Dowagiac 175: P.D. Beckwith, Round Oak and The Industrial Revolution

Published 10:00 am Saturday, April 29, 2023

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2023 marks the 175th anniversary of the founding of Dowagiac. To celebrate this milestone, Leader Publications – with help from the Dowagiac Area History Museum – will provide readers with a story each month detailing the rich history of the Grand Old City. 

DOWAGIAC — The Midwest has always had an economy powered by manufacturing and the City of Dowagiac is no different.

Dowagiac Area History Museum Director Arseneau said that the city’s development increased significantly from 1870 to approximately 1920, coinciding with the rise and height of Dowagiac’s furnace industry. 

The furnace boom was spearheaded by Round Oak founder and famed philanthropist P.D. Beckwith, who moved to Dowagiac in 1853 with his wife Catherine. After finding early success with the production of the roller grain drill he invented with a local farmer and inventor named John Gage, he cast himself a heating stove to heat the shop. The stove was of simple design, but it worked well and he continued to tinker with it to improve its efficiency. That initial stove would soon bring the Industrial Revolution to Dowagiac.

A representative from the Michigan Central Railroad Company visiting Beckwith at his foundry saw the stove and ordered one for the depot in Niles. Accepting old iron in exchange for stoves, Beckwith made the Niles depot stove and another for the Kalamazoo depot.

Soon, the Michigan Central ordered over 300 stoves for depots and other buildings along its line. P.D. Beckwith, after years of financial struggles, had finally hit upon a reliable product that proved popular.

Beckwith placed the first commercially available Round Oak stove in the barber shop of Thomas Jefferson Martin, a popular African-American barber in town. He likely reasoned that every man in town would eventually find their way into Martin’s shop and see the stove -— with the hope that some would buy a Round Oak.

An 1870 advertisement lists some of the customers who purchased stoves, and most are Cass County residents or businesses. There are a few customers listed from across the state of Michigan or the Chicago area.

Beckwith incorporated Round Oak in 1871 and the heating stove became his primary product, though he continued making the grain drill. The founding of the stove company led to Dowagiac becoming a small manufacturing hub with products shipped across the country. 

“My late friend and local historian Grif Cook always said that without P.D. Beckwith, Dowagiac would have been like Pokagon and Sumnerville,” Arseneau said. “There would not have been true development of a city to have the industry that would continue to grow the town over the next several decades.”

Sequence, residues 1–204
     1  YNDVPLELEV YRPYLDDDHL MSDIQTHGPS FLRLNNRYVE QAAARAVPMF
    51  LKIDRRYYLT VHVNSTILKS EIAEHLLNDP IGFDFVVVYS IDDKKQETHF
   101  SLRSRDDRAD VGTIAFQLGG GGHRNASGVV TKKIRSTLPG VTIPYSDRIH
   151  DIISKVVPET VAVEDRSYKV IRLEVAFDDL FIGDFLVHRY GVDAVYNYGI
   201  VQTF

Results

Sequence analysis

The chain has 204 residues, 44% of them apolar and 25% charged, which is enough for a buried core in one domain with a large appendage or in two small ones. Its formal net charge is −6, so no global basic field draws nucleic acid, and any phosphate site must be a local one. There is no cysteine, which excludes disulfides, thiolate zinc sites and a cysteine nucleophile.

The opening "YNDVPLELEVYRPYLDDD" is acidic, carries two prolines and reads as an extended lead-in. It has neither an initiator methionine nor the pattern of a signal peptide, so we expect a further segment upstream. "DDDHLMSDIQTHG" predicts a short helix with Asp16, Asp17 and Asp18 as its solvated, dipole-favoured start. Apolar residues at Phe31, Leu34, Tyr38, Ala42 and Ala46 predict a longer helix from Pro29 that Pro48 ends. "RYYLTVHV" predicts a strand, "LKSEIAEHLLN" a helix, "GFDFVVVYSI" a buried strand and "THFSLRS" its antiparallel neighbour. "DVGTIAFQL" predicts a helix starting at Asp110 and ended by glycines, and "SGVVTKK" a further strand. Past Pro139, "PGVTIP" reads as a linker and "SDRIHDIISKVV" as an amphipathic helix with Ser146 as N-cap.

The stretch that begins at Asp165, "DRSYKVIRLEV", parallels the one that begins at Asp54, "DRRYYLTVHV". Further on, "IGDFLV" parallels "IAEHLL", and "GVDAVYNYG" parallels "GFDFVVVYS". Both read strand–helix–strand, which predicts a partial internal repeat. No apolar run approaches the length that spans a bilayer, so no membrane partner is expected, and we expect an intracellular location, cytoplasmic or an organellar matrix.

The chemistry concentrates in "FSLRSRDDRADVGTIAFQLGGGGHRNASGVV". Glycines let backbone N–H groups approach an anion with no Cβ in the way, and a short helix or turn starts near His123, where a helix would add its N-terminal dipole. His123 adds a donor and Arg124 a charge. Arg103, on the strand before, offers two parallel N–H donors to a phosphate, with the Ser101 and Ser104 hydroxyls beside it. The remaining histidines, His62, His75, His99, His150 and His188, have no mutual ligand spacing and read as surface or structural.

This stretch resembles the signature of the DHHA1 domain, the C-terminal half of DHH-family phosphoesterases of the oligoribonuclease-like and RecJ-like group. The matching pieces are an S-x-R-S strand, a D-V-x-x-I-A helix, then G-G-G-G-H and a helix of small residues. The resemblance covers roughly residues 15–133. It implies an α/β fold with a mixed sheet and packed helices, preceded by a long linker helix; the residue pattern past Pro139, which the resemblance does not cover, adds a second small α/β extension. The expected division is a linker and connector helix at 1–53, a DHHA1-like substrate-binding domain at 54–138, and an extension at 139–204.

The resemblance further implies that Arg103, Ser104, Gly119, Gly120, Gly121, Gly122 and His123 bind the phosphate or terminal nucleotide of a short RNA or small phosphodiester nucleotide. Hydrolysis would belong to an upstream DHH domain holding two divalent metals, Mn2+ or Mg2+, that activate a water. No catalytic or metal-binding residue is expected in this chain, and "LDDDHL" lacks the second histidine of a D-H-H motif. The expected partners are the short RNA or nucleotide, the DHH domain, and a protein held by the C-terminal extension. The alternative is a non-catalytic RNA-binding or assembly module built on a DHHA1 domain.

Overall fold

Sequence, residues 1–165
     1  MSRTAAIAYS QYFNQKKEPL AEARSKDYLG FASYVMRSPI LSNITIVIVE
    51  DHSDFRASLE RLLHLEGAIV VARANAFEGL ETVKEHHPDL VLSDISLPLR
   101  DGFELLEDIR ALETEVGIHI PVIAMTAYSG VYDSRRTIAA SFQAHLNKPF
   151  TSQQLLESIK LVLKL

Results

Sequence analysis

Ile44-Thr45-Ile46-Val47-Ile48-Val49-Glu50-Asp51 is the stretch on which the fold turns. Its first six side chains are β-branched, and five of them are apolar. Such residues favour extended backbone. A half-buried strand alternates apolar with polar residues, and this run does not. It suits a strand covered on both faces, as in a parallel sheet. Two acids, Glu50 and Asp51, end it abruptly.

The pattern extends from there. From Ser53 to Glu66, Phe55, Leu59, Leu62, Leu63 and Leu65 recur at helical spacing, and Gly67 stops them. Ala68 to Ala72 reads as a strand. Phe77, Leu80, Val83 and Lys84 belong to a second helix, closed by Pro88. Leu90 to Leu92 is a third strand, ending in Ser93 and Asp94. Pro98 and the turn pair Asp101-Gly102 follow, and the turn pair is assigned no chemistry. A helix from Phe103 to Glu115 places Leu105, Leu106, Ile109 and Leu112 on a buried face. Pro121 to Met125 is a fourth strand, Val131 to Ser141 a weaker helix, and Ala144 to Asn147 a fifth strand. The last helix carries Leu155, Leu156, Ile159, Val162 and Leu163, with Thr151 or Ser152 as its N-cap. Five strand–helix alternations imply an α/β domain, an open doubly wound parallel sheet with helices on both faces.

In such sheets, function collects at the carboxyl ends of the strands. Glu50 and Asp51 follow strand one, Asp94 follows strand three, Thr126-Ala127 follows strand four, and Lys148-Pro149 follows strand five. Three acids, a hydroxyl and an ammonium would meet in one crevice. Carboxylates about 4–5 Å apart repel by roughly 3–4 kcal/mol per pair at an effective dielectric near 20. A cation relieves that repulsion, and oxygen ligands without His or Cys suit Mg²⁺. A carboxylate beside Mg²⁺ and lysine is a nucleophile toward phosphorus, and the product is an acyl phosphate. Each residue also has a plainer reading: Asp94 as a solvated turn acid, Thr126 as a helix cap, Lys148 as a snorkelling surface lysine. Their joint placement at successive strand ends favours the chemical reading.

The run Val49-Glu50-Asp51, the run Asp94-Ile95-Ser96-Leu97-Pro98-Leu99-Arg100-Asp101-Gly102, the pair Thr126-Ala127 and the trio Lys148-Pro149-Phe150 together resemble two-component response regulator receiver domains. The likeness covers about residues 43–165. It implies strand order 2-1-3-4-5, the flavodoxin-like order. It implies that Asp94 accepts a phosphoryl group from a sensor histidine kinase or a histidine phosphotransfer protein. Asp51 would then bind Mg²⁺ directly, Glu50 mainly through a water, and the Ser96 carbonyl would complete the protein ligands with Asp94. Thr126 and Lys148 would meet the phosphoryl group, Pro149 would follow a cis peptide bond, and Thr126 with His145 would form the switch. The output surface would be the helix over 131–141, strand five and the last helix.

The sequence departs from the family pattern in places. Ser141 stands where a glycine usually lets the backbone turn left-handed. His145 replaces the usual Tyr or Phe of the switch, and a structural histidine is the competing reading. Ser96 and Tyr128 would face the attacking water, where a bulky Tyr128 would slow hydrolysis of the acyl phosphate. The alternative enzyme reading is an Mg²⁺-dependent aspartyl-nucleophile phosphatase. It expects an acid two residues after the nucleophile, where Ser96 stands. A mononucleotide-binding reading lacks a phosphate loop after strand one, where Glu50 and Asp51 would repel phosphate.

The Round Oak Stove became such a popular item that several copycats sprang up across the country trying to capitalize on its success.

“Round Oak is the original oak stove,” Arseneau said. “You start seeing Acorn Oaks and Royal Oaks and other copycat companies across the manufacturing world of the United States. Round Oak ended up having to sue these companies for infringing on their patents and naming rights.”

Dowagiac would become known as the Furnace City of America as it was home to four furnace companies: Round Oak, Rudy 1914, Premier (1920) and Dowagiac Steel Furnace (1929). In addition, the Dowagiac Drill Company (founded 1881) and Heddon Fishing Tackle (1902) were also industry leaders that called Dowagiac home.

Immigrants came from Europe and African Americans migrated north to settle in Dowagiac and work in the factories. According to Arseneau, at one point in time approximately half of the city’s men were employed by Round Oak. Arseneau said that the city’s development increased significantly from 1870 to approximately 1920, coinciding with the rise and height of Dowagiac’s furnace industry.

“You have really incredible growth in the industry of Dowagiac because of P.D. Beckwith and the Round Oak stove company and then subsequent factories where Dowagiac goes from 1,000 people to 6,000 people over those 30 to 40 years,” Arseneau said.

Beckwith, who recognized that Round Oak’s success relied upon Dowagiac’s fortunes and vice-versa, continually invested in both his company and the city.

He served as an alderman and mayor in the 1870s and 1880s, and was a noted philanthropist in town. Despite his success, he lived in a modest house on High Street — this allowed him to pour his profits into the Round Oak Stove Works and the city. 

He approved the organization of the Round Oak baseball team in the mid-1880s and set aside a part of the Stove Works grounds for a ball field. The Round Oak team entertained the city for decades. Beckwith’s wife, Catherine, led the Dowagiac Ladies Library Society and had P.D. build the city’s first library in 1872, which sat on the site of the parking lot next to China Garden until it was torn down in 1962. 

P.D. Beckwith died on Jan. 11, 1889, after a brief illness. In 1893, the Beckwith Memorial Building – with the Beckwith Theater inside – opened on Front Street, which the family had built in his honor. Today, Beckwith Park sits on the site and the Beckwith Theater Company uses the family name in recognition of his impact on the city.

“You have a legacy that impacted Dowagiac in a significant way beyond the factory grounds,” Arseneau said.